Biological phenomena can be investigated at multiple levels, from the molecular, to the cellular to the organismic to the ecological level. In typical biology instruction, these levels have been segregated. Yet, it is by examining the connections between such levels that many phenomena in biology, and complex systems in general, are best explained. In this paper, we describe a computational approach that enables students to investigate the relations between different biological levels. Using object-based parallel, embodied modeling tools, students model the micro-rules that underlie the emergence of a phenomenon, and then observe the aggregate dynamics that result. We describe two extended examples in which this approach was employed: predator-prey relationships and synchronously flashing fireflies. In the first, students have general knowledge of the interactions between individual predators and individual prey (the micro-level interactions), but seek to understand the dynamics that result when these interactions are played out in a distributed environment, between populations of predators and populations of prey. In the second, students already understand the macro-level phenomena -- the synchronous flashing of a population of fireflies -- but seek to discover the micro-level rules by which this phenomenon is produced. In both cases, students can frame hypotheses related to their questions, construct computer models that incorporate these hypotheses, and test their hypotheses by running their models and observing the outcomes.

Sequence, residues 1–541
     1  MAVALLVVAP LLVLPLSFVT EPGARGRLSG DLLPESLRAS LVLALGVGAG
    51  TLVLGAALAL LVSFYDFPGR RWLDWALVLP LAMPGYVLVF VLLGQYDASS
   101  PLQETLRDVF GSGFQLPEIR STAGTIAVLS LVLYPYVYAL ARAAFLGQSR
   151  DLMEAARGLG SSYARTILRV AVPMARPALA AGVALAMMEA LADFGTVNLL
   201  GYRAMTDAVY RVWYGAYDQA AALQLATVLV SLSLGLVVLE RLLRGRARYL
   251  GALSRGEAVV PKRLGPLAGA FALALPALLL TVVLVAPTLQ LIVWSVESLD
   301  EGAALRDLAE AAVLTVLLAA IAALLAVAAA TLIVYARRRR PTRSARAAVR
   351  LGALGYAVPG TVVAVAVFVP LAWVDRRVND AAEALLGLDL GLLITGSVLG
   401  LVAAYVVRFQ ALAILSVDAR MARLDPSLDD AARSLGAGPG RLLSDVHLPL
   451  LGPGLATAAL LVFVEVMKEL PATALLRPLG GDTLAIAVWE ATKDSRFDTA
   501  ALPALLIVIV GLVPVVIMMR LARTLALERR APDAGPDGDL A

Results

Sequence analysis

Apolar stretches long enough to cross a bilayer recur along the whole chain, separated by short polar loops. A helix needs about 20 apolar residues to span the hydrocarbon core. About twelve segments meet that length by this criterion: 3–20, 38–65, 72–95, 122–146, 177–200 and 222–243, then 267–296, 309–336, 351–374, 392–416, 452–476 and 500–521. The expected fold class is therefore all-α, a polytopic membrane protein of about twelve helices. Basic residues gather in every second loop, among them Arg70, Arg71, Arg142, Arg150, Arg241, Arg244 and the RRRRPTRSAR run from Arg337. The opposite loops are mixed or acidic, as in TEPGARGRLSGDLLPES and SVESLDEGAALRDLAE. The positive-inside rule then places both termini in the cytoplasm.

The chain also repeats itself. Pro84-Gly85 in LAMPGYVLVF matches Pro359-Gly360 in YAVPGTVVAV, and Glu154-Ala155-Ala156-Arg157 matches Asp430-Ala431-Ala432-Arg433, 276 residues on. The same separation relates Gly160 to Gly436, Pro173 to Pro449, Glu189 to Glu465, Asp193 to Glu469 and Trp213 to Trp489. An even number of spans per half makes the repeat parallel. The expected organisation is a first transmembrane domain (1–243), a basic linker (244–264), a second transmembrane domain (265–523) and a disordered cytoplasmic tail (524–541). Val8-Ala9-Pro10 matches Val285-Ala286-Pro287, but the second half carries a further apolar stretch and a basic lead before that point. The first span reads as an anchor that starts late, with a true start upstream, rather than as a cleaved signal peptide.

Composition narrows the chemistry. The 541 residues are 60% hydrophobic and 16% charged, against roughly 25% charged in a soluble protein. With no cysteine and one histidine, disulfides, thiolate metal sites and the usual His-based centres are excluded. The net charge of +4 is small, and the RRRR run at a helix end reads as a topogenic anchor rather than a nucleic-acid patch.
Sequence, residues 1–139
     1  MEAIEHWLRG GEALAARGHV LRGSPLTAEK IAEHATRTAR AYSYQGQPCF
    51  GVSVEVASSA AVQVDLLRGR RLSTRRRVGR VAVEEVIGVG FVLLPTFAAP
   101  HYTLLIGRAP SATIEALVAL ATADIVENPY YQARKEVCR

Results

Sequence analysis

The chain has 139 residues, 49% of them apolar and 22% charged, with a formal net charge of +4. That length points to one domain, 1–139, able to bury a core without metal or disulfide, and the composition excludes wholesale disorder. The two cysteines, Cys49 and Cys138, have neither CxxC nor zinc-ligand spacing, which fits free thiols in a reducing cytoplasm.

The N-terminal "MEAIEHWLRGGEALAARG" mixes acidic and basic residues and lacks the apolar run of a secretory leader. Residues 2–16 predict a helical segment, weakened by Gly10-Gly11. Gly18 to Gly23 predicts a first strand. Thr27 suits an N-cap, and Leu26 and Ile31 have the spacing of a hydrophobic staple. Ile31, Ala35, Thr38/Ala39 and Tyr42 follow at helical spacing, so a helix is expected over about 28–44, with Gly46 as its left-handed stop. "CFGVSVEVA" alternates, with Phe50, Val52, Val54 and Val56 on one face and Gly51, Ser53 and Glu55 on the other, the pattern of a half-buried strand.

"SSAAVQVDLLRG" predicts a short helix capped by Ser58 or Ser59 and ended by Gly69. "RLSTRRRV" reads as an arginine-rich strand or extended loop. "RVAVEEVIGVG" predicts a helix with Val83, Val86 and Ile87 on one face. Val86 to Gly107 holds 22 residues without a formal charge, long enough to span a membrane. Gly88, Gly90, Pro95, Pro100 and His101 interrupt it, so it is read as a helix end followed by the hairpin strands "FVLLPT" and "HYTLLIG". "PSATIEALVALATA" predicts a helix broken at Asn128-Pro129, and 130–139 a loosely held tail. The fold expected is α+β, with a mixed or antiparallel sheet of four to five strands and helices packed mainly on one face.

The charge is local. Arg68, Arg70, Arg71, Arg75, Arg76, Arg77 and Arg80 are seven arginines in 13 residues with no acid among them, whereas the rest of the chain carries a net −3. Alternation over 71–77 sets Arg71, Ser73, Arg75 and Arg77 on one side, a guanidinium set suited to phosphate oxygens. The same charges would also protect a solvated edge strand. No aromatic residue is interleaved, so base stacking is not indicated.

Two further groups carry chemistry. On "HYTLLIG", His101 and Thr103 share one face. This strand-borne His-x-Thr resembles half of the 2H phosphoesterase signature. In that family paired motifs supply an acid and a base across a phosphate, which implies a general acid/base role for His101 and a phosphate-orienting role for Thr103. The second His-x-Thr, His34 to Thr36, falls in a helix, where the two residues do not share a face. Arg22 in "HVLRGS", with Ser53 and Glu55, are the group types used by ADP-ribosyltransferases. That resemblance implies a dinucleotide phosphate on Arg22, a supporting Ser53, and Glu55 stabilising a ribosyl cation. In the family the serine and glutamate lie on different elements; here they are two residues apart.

|Journal||InterJournal of Complex Systems|
|State||Published - 1998|